“The first time I visited I was terrified, worried about what to expect. The minute Darcie gets to the hospice she just legs it without giving me a second thought – she loves it! That interaction with other children is so important to her. Poorly children can get isolated.”

Darcie and her mum and dad have also enjoyed some of the ‘extras’ – Housemates social mornings for families to meet up – and the complementary therapy.

For Ben, massages have been about helping him with his bad back. For Lydia, who is expecting her second child in November, it has been some extra special ‘me time’.

As Darcie approaches her 2nd birthday, doctors had hoped that she might be able to cope without the trachea. But so far the attempts have ended in failure.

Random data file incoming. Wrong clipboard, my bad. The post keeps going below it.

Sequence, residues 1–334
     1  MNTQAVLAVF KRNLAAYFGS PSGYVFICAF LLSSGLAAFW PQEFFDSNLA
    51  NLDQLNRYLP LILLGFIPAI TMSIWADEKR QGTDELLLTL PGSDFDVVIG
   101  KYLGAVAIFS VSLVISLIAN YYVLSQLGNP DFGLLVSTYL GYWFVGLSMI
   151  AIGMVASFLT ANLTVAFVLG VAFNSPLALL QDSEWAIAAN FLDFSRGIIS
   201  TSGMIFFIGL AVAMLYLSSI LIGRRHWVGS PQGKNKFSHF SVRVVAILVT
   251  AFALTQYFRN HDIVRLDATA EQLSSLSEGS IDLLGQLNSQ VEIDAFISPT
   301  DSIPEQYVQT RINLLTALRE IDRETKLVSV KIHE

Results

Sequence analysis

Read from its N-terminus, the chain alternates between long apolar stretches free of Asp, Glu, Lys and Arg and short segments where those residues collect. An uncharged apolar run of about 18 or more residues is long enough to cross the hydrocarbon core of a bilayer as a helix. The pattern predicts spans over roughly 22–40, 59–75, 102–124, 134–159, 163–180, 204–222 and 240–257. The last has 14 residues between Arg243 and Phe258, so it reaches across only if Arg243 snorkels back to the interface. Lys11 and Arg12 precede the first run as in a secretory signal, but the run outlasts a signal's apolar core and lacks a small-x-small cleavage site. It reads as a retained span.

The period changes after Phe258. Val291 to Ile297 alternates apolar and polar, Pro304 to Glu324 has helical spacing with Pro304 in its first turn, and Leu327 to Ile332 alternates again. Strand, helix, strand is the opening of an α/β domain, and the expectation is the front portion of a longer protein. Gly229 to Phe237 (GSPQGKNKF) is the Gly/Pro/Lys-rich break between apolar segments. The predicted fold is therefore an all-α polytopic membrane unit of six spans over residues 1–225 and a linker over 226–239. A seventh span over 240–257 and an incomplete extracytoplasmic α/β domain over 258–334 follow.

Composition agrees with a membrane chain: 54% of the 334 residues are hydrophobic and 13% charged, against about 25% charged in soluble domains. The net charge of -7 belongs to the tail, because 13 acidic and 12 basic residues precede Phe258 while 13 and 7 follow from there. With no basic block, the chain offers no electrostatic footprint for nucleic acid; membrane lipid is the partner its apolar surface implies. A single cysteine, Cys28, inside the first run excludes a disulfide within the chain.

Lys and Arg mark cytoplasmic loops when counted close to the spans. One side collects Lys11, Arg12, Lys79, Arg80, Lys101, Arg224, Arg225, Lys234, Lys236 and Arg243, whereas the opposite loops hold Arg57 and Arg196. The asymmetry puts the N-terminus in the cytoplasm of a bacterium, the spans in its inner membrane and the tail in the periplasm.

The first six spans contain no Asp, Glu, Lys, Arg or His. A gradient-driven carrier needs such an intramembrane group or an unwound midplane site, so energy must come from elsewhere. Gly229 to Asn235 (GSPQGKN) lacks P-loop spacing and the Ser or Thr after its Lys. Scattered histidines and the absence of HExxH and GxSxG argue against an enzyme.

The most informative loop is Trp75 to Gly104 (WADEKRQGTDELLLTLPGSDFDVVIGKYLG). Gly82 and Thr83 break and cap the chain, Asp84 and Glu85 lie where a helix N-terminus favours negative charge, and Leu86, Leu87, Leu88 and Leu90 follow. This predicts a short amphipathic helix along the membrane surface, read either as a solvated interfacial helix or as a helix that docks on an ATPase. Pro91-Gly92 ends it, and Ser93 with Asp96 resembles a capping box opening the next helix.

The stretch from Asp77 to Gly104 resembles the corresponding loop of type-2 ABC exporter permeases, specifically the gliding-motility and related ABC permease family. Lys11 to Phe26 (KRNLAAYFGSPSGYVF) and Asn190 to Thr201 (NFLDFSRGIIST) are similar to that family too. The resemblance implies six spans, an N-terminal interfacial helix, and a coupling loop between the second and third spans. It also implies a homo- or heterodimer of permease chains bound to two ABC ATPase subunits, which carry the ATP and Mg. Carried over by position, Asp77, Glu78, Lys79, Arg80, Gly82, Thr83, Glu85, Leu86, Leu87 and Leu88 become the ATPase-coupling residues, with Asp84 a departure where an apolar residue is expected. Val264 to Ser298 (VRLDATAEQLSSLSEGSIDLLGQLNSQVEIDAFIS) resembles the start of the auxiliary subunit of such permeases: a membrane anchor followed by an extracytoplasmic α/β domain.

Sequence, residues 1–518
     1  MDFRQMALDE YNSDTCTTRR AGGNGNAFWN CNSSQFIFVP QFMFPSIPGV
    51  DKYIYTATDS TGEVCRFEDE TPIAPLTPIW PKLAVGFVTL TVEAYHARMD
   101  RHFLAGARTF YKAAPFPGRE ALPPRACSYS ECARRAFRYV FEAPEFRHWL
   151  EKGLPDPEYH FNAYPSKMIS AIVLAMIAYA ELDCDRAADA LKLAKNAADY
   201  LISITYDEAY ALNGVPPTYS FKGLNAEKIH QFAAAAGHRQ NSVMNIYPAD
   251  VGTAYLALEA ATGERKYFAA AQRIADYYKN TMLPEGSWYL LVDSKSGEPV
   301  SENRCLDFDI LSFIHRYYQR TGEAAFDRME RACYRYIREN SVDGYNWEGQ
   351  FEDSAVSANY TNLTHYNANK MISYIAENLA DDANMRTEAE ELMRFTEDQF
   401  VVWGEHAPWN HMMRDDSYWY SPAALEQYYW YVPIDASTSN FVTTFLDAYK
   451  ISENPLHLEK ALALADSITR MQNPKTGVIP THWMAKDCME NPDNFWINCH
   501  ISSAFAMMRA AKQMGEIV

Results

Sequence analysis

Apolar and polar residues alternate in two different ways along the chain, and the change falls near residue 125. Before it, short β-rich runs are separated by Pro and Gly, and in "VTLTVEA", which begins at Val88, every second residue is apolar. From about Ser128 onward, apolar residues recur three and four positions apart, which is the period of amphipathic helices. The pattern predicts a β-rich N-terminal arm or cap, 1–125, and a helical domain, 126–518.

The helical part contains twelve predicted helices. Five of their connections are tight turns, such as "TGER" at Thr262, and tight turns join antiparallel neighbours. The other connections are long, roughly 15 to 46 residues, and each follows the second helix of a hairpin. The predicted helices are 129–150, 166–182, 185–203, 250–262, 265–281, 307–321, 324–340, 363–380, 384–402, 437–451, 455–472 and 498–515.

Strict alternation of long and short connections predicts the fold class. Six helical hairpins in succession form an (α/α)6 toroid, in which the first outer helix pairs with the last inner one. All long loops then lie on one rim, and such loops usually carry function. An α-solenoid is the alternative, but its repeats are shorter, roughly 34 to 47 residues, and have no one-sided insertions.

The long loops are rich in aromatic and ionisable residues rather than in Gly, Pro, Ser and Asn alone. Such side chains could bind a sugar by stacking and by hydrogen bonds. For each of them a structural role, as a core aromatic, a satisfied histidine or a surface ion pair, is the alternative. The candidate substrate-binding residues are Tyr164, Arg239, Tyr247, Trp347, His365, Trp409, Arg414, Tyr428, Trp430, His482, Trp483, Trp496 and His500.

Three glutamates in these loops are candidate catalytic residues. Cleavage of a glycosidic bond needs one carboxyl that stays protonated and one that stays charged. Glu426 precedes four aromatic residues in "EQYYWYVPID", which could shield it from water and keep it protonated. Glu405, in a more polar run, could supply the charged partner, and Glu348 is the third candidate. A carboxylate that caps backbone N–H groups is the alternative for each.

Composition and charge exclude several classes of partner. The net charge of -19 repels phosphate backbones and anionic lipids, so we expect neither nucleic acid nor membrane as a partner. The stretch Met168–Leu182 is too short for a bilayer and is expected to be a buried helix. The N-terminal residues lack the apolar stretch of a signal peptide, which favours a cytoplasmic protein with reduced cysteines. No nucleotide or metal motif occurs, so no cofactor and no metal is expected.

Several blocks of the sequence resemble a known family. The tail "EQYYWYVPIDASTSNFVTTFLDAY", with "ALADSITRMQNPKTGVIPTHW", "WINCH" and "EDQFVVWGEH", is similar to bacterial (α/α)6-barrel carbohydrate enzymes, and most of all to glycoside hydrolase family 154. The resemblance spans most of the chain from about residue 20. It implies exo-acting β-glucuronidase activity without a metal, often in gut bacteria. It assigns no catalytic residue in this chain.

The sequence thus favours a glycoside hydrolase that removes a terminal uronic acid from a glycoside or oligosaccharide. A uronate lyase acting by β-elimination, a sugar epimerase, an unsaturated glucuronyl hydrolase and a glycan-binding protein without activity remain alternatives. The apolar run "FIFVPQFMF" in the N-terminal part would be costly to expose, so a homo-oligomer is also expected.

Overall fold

“She did go for 45 minutes the last time, but then she started panicking and couldn’t breathe. I don’t want her to keep going through that.”

So for now, the trachea stays. Worst case scenario, Darcie will need the trachea for the rest of her life. One option the couple is looking at is surgery in France with the one surgeon in the world who might be able to reconnect the nerve ending to the vocal chords.

In the meantime they are trying to give Darcie as a normal a childhood as possible. 

“You will always get stares and attention when you are out with Darcie in a pushchair laden with oxygen and suction equipment, but we try and ignore it.

“That’s the best thing about Julia’s House – the people there are totally non-judgmental. They are caring, reassuring and supportive. They make you feel great about yourself and proud of how you are coping. And that yes, actually, you’re good parents doing a really good job.”